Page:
aliminum vs carbon

old man

Active member
Joined
Aug 14, 2011
Messages
435
Location
shelton CT.
would like to hear the pros and cons of aluminum vs carbon arrows for elk hunting. always believed weight killed better than speed. also which produces the most energy?
 

Gerald Martin

Well-known member
Joined
Jul 3, 2009
Messages
5,606
Pros of aluminum. Heavier weight, easy to work with if you fletch your own. Straighter from the factory. Can be fletched with a radical helical if that's your thing. Cons- bend easily, larger diameter more affected by wind.

Pros of carbon. Much more durable. Thinner shaft doesn't impede penetration at all and not as susceptible to wind drift. More available. They tend to run lighter in weight which is bad or good depending on what you want.

I always struggle to get my arrows to weigh as much as I would like with carbons. With aluminum I was @ 500 grains of arrow weight with my setup, with carbon I'm @ 400 grains. I always got better penetration with a heavier arrow, but my trajectory was definitely more arched with the heavy shafts. It becomes a matter of compromise between penetration and drop.
 

maxx

Active member
Joined
Jul 31, 2015
Messages
717
There are some heavier carbons out there. I am shooting gold tip kinetics and they are around 440 grains. If I bump up to a 125 grain arrow that would get me to 465. Pretty heavy compared to what a lot of people shoot today.
 

shoots-straight

Well-known member
Joined
Oct 6, 2005
Messages
6,223
Location
Bitterroot Valley
There are some heavier carbons out there. I am shooting gold tip kinetics and they are around 440 grains. If I bump up to a 125 grain arrow that would get me to 465. Pretty heavy compared to what a lot of people shoot today.

Compare actual spines on both aluminum, vs carbon. Carbon manufacturers tend to spine their arrows on the lighter side for weight reductions. If you go spine for spine they are pretty close in weight. At least that's what I've found in my limited research of shafts.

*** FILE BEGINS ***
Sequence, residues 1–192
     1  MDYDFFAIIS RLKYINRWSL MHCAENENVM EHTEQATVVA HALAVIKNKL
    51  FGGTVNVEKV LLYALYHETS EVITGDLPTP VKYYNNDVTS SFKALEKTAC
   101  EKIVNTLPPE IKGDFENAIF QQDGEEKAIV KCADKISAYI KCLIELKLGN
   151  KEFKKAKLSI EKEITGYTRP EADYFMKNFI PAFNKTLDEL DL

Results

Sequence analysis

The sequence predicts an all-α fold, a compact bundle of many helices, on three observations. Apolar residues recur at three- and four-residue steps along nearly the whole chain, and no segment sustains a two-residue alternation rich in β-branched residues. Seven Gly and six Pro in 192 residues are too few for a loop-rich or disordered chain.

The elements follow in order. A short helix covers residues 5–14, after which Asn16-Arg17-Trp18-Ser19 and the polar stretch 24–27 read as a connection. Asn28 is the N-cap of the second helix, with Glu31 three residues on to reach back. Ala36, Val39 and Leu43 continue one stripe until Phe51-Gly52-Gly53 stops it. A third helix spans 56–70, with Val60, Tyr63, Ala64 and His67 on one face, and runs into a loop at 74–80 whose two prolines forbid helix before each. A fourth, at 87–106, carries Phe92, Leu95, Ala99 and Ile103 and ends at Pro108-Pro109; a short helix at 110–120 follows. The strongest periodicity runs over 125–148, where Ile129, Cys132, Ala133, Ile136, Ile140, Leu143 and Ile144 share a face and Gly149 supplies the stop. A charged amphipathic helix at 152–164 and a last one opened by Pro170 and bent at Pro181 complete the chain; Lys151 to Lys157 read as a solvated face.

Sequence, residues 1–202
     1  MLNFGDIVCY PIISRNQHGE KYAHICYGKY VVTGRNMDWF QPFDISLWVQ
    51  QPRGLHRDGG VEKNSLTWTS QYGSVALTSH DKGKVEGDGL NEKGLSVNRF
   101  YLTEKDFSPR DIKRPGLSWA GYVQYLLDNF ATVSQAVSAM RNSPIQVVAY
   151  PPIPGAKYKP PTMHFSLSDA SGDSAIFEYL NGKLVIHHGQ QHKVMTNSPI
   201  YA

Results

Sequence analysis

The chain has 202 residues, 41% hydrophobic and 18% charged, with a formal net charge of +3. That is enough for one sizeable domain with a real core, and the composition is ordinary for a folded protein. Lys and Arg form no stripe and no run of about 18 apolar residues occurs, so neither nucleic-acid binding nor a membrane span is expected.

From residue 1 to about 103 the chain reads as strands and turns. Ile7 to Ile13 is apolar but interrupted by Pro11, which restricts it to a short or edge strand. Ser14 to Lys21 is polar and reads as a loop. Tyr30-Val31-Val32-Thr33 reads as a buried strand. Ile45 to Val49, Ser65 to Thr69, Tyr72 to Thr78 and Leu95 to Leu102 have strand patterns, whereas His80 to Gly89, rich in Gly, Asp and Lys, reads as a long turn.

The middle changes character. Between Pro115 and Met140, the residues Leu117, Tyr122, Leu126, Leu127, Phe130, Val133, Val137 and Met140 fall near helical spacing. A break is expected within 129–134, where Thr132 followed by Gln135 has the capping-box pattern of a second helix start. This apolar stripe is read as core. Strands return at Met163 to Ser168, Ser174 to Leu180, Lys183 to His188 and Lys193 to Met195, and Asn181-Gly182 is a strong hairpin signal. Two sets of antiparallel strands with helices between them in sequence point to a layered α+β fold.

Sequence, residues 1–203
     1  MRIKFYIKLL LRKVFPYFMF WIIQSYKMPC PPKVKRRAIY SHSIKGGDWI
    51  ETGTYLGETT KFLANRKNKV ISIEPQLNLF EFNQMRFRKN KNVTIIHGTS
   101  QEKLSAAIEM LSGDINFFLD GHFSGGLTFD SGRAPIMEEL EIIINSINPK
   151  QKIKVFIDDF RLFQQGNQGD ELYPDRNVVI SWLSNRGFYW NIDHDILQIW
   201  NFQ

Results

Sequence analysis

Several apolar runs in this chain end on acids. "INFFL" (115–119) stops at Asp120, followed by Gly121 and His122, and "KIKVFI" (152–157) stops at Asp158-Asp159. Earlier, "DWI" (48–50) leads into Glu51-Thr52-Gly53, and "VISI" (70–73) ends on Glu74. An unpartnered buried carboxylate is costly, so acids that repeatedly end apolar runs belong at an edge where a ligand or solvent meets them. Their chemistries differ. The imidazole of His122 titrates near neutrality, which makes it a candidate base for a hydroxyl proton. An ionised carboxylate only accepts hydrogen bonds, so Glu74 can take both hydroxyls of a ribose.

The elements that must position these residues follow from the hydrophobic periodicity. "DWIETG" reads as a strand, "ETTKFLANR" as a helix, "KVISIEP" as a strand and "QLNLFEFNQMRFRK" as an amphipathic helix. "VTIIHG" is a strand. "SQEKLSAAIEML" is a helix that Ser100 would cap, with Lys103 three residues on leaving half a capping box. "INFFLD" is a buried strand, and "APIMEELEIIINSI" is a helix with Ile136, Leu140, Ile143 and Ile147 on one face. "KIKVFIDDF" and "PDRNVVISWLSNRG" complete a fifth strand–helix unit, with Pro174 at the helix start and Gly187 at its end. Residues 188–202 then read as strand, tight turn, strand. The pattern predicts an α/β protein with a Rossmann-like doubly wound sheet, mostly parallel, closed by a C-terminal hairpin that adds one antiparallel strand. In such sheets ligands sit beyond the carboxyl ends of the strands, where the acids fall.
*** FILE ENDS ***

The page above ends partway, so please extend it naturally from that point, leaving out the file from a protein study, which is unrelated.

kenton

Well-known member
Joined
Mar 19, 2014
Messages
1,178
Location
Ohio
I maintain several hundred arrows for a youth archery program and the aluminums are much easier to work with but the carbons will take more abuse. I have nothing against carbons but I shoot aluminum. I like a very heavy arrow (nearly 700 grains) but to be fair, hunting whitetails my shots are always 35 yards and under. Out west, a flatter trajectory might be better.
 

mtmander

Active member
Joined
Apr 29, 2014
Messages
845
Location
Philipsburg, MT or NC
I like carbon , I get better accuracy with them
We can debate the choice but I think it comes down to what you feel more confident with shooting , you have to hit them before you worry about penetration
 

StrutNut

New member
Joined
Jun 21, 2011
Messages
567
Location
Blaine, MN
Like many I started off with aluminum and went to carbon and wont go back. Carbon are much more durable, I get all the weight I need for complete pass throughs with my Easton Axis arrows, I can shoot with a nice right helical fletch using my AZ EZ mini tool, Very accurate and really handle the cross wind better. I also think they are quieter when drawing them back especially in cold temps. I really see no need to ever going back to aluminum shafts. So far I have gotten complete pass throughs on game as large as elk and cant wait to try a archery moose hunt some day.
 

St52v

New member
Joined
Jul 11, 2012
Messages
141
X2 on full metal jackets. 460+ grains at 29-30" with blazer vanes and 100grain head. I just re fletched them with the easy fletch and goat tuff super glue. No worries about scraping the old vanes off with a razor blade ect. Those pictures you see of carbon arrows blowing up and sticking in people's hands and arms scare the hell out of me. I know I will not check them often enough by flexing them.
 

ccc23454

Well-known member
Joined
Sep 22, 2010
Messages
1,644
Location
Wyoming
love the durability of carbon! i cant count the number of aluminum arrow i have bent or creased during shooting sessions or travel. i know a dozen carbon arrow last me A LONG TIME, i was buying aluminum arrows nearly every year, the carbon are a true improvement!